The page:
This time last year we undertook an epic journey, driving our 93 Fiat Panda (which had previously been off the road for some time) from Manchester to Saint Petersburg and back. Along the way it was great to see the changes in architectural styles, going up through Sweden and Finland, in to Russia, then back through the Baltics and Northern Europe.
Obviously we have a special interest in decorative metalwork (for which Saint Petersburg certainly did not disappoint), especially weathervanes. Though there were some great examples on the whole trip (some of which I may get round to posting on here one day), especially on the Russian Orthodox churches, one place really stood out for weathervanes and that was Gdansk.
We only spent 2 nights in Gdansk but it is definitely on the list of places we would love to revisit and spend more time. Its historic centre was virtually levelled during the Second World War and faced with the choice of recreating the original town or starting afresh the decision was made to rebuild, based on historic photos, documents and plans. They did make some changes to make the buildings more practical, indeed the roads now have bigger public garden spaces between them. By drawing rooms level in neighbouring buildings more practical flats were created and on top of all of these reconstructions are dated weathervanes!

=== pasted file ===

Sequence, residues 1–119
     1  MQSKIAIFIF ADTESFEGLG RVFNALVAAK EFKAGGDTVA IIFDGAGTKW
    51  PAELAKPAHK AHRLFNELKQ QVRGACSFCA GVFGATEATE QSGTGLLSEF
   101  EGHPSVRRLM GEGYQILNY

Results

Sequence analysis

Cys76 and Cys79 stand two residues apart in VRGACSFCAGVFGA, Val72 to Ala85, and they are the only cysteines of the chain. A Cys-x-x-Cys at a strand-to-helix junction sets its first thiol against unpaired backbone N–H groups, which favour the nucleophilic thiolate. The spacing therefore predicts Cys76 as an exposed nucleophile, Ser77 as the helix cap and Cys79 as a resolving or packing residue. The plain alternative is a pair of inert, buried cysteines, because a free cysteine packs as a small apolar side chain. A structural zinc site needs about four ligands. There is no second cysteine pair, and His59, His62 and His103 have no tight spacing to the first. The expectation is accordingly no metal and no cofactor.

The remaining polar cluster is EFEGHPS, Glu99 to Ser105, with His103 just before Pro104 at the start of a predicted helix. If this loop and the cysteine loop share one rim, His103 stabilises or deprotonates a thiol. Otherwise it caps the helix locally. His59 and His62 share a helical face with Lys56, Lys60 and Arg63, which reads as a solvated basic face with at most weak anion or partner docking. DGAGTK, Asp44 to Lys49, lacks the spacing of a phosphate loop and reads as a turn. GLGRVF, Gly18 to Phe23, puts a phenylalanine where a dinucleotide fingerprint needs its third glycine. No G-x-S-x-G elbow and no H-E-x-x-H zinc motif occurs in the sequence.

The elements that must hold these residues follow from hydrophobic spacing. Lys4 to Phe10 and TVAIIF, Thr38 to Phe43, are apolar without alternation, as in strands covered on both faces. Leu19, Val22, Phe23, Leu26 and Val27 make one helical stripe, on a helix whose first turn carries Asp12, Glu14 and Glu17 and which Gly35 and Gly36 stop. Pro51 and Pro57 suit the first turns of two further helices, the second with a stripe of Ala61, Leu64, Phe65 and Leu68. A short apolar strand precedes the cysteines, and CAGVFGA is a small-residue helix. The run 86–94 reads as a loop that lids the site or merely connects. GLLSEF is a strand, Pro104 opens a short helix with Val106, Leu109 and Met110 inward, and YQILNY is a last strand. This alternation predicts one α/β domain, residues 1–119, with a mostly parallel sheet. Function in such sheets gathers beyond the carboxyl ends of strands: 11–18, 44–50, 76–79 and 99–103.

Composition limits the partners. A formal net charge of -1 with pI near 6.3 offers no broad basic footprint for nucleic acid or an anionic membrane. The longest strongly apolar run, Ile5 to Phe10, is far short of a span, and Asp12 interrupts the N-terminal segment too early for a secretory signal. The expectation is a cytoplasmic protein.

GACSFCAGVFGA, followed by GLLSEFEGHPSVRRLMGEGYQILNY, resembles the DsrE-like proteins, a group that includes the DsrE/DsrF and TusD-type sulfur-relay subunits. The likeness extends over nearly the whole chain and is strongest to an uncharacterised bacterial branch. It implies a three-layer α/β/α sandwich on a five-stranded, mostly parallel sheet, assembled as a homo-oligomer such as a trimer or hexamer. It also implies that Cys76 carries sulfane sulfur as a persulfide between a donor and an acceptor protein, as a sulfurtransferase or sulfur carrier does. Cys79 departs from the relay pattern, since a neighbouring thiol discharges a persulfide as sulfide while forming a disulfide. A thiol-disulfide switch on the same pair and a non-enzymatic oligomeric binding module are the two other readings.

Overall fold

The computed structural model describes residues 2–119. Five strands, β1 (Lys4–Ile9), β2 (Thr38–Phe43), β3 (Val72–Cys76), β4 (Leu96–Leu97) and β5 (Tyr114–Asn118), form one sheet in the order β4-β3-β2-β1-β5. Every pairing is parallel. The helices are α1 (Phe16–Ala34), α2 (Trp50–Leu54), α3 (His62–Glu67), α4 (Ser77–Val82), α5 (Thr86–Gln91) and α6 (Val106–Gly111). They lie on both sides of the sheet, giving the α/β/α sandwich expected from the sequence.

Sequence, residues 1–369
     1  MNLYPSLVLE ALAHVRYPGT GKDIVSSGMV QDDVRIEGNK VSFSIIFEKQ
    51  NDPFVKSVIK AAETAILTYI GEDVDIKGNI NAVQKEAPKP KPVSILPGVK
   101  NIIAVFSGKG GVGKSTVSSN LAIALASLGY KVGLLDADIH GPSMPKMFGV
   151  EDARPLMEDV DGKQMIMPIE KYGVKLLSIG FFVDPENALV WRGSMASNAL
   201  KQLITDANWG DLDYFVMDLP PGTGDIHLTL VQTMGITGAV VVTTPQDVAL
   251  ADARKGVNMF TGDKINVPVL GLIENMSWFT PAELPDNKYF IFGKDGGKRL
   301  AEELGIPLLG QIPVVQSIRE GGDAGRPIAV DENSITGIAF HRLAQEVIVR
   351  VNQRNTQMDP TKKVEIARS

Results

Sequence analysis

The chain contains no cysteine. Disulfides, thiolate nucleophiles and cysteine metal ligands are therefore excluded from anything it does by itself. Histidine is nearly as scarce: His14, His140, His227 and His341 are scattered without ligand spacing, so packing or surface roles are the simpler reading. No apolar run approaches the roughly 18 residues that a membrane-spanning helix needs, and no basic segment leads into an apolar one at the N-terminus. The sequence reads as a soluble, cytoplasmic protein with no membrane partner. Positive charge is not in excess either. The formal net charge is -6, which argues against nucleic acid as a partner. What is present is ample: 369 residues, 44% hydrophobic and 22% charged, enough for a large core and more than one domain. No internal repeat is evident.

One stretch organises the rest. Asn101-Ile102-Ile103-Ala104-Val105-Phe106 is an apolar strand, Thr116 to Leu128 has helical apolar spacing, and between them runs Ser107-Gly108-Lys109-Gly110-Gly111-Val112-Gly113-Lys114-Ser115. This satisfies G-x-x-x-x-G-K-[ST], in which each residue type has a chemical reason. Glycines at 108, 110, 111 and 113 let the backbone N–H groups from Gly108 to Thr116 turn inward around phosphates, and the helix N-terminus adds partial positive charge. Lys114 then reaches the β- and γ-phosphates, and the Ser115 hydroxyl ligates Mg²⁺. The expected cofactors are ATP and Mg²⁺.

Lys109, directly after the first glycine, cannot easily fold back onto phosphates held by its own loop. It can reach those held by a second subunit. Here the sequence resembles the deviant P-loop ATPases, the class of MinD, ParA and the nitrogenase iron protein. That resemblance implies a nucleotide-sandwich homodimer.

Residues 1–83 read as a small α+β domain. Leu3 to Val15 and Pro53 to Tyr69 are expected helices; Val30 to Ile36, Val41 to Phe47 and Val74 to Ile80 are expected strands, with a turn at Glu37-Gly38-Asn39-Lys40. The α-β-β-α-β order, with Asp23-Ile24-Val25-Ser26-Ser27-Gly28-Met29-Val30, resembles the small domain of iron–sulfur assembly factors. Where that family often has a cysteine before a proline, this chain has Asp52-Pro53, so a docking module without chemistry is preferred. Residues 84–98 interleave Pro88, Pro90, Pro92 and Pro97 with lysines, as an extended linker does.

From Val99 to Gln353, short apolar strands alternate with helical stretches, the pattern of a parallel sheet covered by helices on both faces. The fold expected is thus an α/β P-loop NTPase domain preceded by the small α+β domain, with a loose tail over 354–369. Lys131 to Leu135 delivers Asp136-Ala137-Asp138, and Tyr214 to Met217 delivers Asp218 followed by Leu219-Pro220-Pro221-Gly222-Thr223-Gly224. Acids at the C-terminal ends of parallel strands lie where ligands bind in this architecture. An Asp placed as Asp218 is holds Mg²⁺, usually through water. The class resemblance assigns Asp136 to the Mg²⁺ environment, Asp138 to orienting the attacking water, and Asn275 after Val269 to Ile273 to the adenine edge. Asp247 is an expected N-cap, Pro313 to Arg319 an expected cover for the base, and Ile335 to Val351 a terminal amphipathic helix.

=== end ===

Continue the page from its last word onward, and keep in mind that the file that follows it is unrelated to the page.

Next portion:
On the docks one of the most recognisable landmarks of Gdansk is the medieval crane, and it has this iconic weathervane on top. It is unusual in Gdansk as most of the weathervanes are the more traditional banner types, seen in the image below.
I think this is a great way to recognise the dates that the buildings were completed, a weathervane is in my opinion the perfect way to top off a new building in style.